While the influence young people have over each other can seem a scary prospect to sexual health professionals, especially where the internet is involved, it is clear that young people value each other's support and advice.
The workshop prompted me to have a look at some online communities which harness the potential of peer-to-peer conversation for support and care.
Communities of support
TalkLife is an app which calls itself “a place to talk to people who ‘get’ you”. Young people post thoughts, concerns and questions and their peers respond. The app has a thorough network of volunteer moderators, administrators and a trigger warning system allowing users to filter content. Its thorough safeguarding policy makes it a sound resource for young people to seek advice and support from their peers.
Whisper is a platform where young people anonymously disclose things that they might not feel able to say publicly. They then offer each other support and solidarity. HealthUnlocked uses a similar principle to TalkLife to connect people with others who are experiencing similar problems. They claim 7 out of 10 people who use their platform had never spoken to a patient with the same condition before. While Whisper is largely unmoderated, HealthUnlocked communities often have clinicians or knowledgeable charity workers that provide support and prevent misinformation spreading.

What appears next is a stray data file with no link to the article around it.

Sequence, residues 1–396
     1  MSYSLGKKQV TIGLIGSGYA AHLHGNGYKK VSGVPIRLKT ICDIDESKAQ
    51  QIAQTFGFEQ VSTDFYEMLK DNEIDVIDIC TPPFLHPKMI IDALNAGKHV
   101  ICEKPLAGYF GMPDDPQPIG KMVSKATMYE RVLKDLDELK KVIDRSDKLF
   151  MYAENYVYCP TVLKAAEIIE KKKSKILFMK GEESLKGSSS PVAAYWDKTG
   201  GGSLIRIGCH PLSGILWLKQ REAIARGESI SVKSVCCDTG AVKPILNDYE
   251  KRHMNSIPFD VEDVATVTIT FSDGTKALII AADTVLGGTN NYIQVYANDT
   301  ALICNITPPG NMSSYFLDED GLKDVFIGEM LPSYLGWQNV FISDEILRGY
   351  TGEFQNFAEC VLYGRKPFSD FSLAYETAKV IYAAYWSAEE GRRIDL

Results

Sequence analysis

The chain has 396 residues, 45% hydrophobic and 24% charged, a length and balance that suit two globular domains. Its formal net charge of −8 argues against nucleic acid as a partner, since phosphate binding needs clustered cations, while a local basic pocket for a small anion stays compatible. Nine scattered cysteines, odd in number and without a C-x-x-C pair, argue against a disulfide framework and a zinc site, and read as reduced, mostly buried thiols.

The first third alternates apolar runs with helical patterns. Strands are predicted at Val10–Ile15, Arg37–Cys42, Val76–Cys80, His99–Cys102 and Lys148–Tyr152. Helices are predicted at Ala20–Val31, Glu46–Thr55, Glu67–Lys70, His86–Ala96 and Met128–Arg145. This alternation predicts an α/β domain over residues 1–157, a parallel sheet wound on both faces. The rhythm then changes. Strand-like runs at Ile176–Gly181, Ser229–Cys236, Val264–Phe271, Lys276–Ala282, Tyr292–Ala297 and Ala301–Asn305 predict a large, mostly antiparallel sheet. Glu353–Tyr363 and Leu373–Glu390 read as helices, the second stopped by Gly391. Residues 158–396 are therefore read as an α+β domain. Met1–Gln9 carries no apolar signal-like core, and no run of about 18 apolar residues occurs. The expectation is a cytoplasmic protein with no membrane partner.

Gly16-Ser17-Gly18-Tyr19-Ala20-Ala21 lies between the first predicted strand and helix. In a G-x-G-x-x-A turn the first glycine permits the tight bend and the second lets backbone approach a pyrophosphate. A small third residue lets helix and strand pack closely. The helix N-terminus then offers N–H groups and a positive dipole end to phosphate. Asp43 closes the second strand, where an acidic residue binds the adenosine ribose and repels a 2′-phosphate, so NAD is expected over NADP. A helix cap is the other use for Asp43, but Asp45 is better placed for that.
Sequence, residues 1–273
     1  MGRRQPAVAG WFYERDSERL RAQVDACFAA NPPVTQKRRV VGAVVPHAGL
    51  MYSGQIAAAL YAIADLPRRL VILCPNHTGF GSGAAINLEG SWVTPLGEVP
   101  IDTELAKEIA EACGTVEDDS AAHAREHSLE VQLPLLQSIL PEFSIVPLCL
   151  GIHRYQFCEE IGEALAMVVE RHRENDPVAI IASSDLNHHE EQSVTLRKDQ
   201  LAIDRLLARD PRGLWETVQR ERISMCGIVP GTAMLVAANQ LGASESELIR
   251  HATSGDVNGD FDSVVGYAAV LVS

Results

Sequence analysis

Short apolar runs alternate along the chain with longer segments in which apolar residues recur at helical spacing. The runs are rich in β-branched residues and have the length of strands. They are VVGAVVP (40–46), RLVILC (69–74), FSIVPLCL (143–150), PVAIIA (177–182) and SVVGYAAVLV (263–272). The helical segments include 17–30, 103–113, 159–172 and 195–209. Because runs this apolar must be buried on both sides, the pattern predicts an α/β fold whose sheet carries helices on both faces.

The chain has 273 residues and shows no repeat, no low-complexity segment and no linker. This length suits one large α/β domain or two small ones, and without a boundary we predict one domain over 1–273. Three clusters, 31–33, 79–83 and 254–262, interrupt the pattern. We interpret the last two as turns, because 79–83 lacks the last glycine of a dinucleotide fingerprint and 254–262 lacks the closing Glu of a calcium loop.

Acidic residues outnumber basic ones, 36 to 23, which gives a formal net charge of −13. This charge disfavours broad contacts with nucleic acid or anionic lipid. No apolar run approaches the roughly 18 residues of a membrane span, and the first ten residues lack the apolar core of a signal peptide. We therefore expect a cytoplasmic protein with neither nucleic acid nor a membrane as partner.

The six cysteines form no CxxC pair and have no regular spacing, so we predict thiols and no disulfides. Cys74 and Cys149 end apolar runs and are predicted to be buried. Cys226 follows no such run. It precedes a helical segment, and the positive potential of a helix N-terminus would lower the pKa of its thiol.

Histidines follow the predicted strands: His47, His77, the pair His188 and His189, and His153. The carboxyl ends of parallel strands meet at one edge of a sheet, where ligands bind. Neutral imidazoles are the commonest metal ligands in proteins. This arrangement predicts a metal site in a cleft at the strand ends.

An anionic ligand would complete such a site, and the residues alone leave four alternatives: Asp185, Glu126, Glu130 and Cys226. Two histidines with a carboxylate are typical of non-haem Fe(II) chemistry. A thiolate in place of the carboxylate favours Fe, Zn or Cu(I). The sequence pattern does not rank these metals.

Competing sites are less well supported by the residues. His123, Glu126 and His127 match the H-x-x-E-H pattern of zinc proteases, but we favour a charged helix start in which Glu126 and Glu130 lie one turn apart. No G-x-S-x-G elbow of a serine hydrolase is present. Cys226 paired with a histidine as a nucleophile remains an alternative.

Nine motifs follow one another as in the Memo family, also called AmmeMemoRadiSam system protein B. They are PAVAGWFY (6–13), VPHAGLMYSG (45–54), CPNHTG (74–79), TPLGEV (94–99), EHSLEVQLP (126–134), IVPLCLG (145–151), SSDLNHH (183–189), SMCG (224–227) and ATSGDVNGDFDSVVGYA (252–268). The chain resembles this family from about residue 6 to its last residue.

Harnessing young people’s trust in one another is clearly an important and successful way of managing their learning, but it’s important that they also trust educators. Carlene Firmin’s touched on the concept of trust and what educators can do to build trust in face-to-face situations. The distancing features of the internet can mean it's a difficult medium to build trusting relationships in. A lot of the narrative fed to young people about internet safety is about being wary of who you might be communicating with and how your information might be shared. Remote services need to work hard to reassure users that they are trustworthy, especially if (like us) they are handling sensitive data.
Organisations such as Childline lead the way with their strong brand identity, giving users a clear idea of who they are communicating with. Childline’s slogan “Online. On the phone. Anytime.” is a good example of clear and consistent messaging. The reliability of the information you provide is also crucial to establishing yourself as a trustworthy service.
When it comes to safeguarding children and young people, it’s also worth following in the footsteps of Talk Life and Whisper by having clear, transparent and visible policies that will reassure parents and other adults with a duty of care.
If you are an educator or work with young people and are interested in using online resources to support vulnerable (or indeed, any) young people, the Sex Education Forum is a good place to start. They have lists of resources or they have training days and can do bespoke training www.sexeducationforum.org.uk